Sunday, January 19, 2014

If I Had Been Alone


A man told us his story -- well, a very small part of it, anyway --
and it touched my heart.
He is a farmer.
And he's seen a lot of trouble.
Financing through bankers, and at the mercy of the weather and the markets.
This crash and that crop,
and lenders who suddenly demanded payment.
I looked at his boots while he spoke.
He'd been hurting, but there were trees to trim.

He started in the past, telling about the bankers,
and the stress, and the trouble.
And he said, "I would have given up, if I had been alone."
But he wasn't alone in his trial.
Someone else would have suffered worse if he had given up.
And he hung in there for their sake.
He kept planting and kept working,
and filled out more paperwork than anyone should have to fill out,
and he looked down and saw the name of a lender
whose card had been sitting on a desk for five years longer
than the man had been gone from the company.

But he called the company, and the president asked to meet him.
And he had been hurting when he went,
but they called in some other men,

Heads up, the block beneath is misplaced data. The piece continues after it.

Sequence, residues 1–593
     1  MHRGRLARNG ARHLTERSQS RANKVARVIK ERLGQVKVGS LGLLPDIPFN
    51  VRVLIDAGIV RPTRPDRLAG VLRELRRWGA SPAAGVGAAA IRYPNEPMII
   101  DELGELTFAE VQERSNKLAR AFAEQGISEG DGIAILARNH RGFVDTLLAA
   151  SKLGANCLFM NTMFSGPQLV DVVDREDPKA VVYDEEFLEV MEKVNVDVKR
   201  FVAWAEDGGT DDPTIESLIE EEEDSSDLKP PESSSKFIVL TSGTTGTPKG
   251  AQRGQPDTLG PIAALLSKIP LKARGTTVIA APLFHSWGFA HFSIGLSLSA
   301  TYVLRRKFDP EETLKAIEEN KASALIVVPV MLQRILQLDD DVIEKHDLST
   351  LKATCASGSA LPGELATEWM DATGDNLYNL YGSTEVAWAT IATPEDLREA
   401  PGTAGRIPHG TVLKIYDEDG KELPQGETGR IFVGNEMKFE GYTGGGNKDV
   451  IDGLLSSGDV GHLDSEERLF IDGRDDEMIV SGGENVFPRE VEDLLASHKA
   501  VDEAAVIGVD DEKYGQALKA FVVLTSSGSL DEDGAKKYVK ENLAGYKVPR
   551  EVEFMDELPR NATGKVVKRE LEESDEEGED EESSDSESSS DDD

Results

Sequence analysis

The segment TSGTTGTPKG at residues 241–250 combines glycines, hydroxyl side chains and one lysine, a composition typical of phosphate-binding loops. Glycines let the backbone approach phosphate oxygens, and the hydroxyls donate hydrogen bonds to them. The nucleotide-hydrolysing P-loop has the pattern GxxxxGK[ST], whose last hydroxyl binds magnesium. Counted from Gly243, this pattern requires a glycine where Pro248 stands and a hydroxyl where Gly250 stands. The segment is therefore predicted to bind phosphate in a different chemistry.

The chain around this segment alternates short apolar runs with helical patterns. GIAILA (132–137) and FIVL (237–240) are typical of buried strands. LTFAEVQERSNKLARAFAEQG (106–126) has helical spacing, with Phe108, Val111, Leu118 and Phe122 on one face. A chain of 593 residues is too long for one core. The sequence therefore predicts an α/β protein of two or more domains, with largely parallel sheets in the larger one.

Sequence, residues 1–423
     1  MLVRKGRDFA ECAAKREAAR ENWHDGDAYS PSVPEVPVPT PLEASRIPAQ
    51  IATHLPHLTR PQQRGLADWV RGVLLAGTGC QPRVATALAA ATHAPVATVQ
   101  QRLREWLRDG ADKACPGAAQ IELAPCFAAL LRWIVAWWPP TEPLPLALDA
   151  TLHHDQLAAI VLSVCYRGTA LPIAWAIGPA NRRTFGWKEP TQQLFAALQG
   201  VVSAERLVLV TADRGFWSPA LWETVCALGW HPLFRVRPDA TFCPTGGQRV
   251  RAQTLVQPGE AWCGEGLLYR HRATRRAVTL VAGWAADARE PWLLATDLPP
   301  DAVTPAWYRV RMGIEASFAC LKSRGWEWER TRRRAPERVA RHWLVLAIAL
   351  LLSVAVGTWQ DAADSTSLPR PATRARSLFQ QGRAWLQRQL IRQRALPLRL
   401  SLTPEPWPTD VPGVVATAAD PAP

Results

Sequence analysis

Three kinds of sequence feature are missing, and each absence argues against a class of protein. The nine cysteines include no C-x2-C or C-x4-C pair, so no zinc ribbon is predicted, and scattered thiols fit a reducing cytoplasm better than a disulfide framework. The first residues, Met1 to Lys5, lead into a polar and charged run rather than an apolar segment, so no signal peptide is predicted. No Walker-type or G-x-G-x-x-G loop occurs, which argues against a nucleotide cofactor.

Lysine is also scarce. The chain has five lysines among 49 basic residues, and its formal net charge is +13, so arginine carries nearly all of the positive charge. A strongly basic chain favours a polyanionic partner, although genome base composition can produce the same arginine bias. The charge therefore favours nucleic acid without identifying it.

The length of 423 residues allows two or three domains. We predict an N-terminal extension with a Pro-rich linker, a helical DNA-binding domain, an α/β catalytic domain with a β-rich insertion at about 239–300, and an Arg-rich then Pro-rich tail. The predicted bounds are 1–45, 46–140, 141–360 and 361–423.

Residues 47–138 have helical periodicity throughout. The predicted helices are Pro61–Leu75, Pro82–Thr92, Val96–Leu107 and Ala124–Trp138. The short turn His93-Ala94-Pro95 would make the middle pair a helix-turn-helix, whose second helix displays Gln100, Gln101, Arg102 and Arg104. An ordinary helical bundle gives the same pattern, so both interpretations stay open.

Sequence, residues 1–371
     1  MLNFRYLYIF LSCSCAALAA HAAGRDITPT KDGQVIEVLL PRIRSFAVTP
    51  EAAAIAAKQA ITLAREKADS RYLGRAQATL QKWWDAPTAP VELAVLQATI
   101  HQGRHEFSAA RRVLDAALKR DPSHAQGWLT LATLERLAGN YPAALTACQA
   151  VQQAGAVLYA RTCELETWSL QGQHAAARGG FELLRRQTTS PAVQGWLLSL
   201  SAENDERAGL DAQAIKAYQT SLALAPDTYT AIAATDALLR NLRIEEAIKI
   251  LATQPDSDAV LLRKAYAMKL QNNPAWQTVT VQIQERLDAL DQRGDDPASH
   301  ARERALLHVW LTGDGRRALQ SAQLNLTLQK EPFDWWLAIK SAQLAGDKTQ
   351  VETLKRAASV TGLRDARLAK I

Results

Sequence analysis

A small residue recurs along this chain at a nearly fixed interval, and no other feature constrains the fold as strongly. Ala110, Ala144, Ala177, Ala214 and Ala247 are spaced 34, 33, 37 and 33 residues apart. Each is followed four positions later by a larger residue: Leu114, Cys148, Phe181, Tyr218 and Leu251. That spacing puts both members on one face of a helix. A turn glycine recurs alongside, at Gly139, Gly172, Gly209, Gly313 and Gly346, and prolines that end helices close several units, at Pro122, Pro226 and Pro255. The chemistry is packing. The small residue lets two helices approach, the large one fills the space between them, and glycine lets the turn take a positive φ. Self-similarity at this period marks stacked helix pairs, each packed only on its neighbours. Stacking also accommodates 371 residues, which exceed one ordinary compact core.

and they laid hands on him and prayed for him,
and then they lent him a hand, too.
And a big crop came in -- with prices he'd never seen in his life.
And he offered a deal to some sharks
and against all odds, they took it,
and he was free.
And he thought he had lost the farm, but it was not lost.

And all I could think about while he spoke was how having a fellow sufferer,
and that fellowship of suffering
had given him endurance to keep working.
To plow in hope, when it was hopeless.
To trim the trees that hadn't put out enough fruit.
Or whose fruit had been badmouthed by celebrities,
and no one would buy it and eat it.
To work another day and pray another prayer,
and reap a harvest of mercy.
And how two are better than one,
because one loses heart.

Sometimes, faith plods on,
but it gains the strength to do it through fellowship.
And maybe you are the strong one, who wanted to give up,
but you had someone at home who was sick in bed,
and you couldn't let them bear the cost of your quitting.
Or maybe you're the weak one, who couldn't do the work,
but your very presence lent strength and purpose of heart
to the younger man who could --
if only he had a reason.
Let's be each other's reason to work another day,
even if we can't be the one sweating in the field.

They held each other up.
The one stuck behind in pain
and the one working through the pain
both benefited because of the love there was between them.
And that is looking out for the interests of another more than oneself.
You see, he said, "He was more heavily invested than I was."
And he couldn't let him bear it all himself.

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